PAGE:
How Do You Want to Be Loved?

“Then the Lord said to me, ‘Go and love your wife again, even though she commits adultery with another lover. This will illustrate that the Lord still loves Israel, even though the people have turned to other gods and love to worship them.’” (Hosea 3:1 NLT)

When I think of Hosea, I think of a man who loved God more than he loved himself. How do I know that? Because he did what he wouldn’t have done, not to please himself, but to please God. He married a prostitute, knowing she wouldn’t be faithful to him. And after she was unfaithful, he paid a ransom to buy her back. Love always has a price.

The story of Hosea and Gomer is a picture of God and His “bride,” the children of Israel. It vividly illustrates how God viewed Israel’s unfaithfulness to Him, yet, His willingness to restore them and love them in ways that were very foreign to them.

Because of what Jesus did on the Cross, in paying the “ransom” for our sin, He illustrated a similar story in buying us back from the sin that held us captive. In my mind, love can only be understood as it’s demonstrated in real life, with real people.

We can tell someone how much we love them, but unless and until we demonstrate our love in tangible ways, it’s simply “lip service.” But the plot thickens because we give and receive love in different ways. Gary Chapman wrote a book entitled “The Five Love Languages,” seeking to show the different ways we express and receive love. The five “languages” were: Words of Affirmation, Quality Time, Receiving Gifts, Acts of Service, and Physical Touch.

What is your love language? Why is it even important to know that? Because many times our tendency is to love like we like to be loved. For example, if my love language is receiving gifts, it’s easy to assume that my spouse or person to whom I’m wanting to express love, will also love gifts, which may or may not be true.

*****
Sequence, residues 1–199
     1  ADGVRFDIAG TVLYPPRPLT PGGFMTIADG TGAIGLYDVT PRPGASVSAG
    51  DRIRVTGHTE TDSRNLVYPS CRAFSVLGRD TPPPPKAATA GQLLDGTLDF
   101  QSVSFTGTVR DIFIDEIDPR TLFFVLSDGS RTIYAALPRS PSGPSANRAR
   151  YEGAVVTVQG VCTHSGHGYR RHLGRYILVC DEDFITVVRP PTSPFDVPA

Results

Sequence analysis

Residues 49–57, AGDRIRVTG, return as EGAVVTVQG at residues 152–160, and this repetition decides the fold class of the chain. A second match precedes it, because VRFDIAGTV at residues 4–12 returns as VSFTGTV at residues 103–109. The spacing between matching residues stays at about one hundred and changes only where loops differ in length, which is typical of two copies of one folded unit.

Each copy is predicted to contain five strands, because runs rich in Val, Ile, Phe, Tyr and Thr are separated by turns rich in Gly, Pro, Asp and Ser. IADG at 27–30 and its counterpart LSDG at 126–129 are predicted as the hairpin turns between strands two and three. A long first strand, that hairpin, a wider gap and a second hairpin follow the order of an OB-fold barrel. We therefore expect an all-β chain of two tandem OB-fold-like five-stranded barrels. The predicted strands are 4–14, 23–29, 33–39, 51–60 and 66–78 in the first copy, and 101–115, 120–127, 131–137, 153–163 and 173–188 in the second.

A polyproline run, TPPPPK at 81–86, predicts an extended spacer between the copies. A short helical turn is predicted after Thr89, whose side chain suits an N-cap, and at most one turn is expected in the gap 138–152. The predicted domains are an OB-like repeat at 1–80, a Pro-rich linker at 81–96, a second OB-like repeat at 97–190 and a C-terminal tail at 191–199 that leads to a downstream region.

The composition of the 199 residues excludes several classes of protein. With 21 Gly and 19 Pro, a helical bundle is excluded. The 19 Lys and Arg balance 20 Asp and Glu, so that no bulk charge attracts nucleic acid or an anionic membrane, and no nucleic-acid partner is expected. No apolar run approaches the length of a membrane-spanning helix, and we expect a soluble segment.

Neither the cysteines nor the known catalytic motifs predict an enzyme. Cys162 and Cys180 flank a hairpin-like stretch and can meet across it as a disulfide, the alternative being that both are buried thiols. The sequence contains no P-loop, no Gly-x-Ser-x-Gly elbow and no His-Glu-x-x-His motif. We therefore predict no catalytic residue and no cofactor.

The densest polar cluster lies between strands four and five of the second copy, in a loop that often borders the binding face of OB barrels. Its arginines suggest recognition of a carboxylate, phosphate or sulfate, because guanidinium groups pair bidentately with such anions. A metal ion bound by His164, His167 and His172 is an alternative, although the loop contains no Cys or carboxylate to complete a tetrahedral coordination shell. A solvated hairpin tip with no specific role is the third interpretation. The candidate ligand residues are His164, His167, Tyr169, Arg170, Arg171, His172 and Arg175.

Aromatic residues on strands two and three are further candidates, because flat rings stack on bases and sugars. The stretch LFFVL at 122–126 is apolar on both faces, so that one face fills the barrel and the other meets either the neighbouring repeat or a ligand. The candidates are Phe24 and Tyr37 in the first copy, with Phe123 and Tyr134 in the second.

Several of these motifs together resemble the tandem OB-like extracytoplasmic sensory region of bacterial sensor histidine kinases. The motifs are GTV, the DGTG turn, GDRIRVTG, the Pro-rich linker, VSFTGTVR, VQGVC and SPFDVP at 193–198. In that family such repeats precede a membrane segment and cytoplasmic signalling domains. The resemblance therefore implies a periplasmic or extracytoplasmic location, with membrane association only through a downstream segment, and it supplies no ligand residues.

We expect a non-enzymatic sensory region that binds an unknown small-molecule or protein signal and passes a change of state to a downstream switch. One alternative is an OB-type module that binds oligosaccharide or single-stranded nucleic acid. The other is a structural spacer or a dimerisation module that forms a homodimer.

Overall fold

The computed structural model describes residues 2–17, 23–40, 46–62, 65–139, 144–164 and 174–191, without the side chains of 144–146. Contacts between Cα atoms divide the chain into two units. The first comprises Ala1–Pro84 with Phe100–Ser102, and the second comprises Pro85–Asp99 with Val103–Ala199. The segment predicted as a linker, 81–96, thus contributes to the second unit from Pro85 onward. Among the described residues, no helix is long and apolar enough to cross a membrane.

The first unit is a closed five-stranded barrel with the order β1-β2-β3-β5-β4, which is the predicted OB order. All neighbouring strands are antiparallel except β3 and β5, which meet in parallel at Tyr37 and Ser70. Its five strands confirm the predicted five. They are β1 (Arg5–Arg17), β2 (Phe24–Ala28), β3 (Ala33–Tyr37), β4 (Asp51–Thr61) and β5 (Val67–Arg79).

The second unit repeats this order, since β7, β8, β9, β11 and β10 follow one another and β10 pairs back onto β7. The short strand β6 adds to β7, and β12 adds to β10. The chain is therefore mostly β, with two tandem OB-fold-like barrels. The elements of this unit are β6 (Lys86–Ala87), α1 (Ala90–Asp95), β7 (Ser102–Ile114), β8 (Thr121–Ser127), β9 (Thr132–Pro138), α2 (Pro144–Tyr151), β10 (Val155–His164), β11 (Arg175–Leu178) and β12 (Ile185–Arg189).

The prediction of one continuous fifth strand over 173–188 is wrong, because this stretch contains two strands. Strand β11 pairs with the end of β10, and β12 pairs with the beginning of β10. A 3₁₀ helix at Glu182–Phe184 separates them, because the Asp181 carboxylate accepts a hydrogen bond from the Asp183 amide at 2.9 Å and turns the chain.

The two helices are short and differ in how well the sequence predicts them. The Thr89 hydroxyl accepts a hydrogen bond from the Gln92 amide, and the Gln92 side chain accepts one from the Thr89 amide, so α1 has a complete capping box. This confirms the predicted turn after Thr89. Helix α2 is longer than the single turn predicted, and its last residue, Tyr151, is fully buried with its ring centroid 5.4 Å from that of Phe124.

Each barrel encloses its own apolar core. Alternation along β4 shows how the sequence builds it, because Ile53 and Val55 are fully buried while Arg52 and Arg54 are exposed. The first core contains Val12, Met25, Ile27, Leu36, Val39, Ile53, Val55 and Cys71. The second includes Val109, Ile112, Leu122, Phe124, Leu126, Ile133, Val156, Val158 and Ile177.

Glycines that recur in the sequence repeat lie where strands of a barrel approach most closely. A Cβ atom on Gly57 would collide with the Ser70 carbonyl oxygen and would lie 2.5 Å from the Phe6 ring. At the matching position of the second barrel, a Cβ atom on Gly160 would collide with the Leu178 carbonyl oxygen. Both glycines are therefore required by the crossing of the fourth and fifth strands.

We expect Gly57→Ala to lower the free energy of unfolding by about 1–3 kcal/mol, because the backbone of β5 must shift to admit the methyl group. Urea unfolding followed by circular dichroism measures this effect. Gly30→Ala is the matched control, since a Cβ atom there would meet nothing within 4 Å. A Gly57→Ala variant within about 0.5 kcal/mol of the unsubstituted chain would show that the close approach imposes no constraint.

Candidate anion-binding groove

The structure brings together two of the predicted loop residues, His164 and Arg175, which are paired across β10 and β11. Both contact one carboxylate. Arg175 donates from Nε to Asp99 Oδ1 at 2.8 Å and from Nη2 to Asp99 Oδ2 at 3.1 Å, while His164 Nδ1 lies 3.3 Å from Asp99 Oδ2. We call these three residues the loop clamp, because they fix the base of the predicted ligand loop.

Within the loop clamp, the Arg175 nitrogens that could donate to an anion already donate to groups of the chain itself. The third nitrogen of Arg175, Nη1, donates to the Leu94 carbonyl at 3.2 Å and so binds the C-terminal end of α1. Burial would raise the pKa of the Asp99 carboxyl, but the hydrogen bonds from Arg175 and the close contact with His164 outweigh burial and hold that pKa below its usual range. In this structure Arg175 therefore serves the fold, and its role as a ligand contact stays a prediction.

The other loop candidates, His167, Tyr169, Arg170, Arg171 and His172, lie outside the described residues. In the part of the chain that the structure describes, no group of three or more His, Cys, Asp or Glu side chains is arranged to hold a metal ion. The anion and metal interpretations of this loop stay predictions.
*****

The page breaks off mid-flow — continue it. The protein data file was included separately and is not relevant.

Photo by RODNAE Productions on

And you may be thinking: “who wouldn’t like a nice gift?” Which is true and the gift may be well received, but what if their love language is quality time? The likelihood is very high that they would much rather you spend time with them than buy them gifts.

Lisa Lakey, in a Family Life devotional I read said: “I not-so-quickly learned that loving my husband required respecting how we differ in both the fantastic and somewhat uncomfortable ways. I learned that waking up far too early on Saturday (without grumbling) to fish at a lake two hours away spoke greater love to him than breakfast in bed. I learned that loving him means being patient when he is a little grumpy after a 16-hour workday. It means being forgiving, humble, and gracious. Even when I don’t want to, which is often. I get one lifetime with this husband of mine. So, I want to love him well.”

Isn’t that our goal as believers – to love God well by loving those in our family and spheres of influence? Isn’t love the characteristic that enables us to be most like our heavenly Father? Yet, how we love, in some ways and on some levels, is more important than that we love. How so?

No one knows us better than God, so He loves us very personally. He knows our “love” language and loves us in ways that are not only seen but felt. He loves us largely by putting people in our lives who will either perfectly demonstrate the type of love we most need to experience, or who most need to be loved the way we love to love.

Beginning with our spouse and family, but extending to our friends, neighbors, co-workers, and others with whom we have contact from day to day, let’s not simply be desirous of being loved by them in ways that will be meaningful to us, but may we set our priorities on loving them as they need to be loved.

Food for thought.

Blessings, Ed 😊

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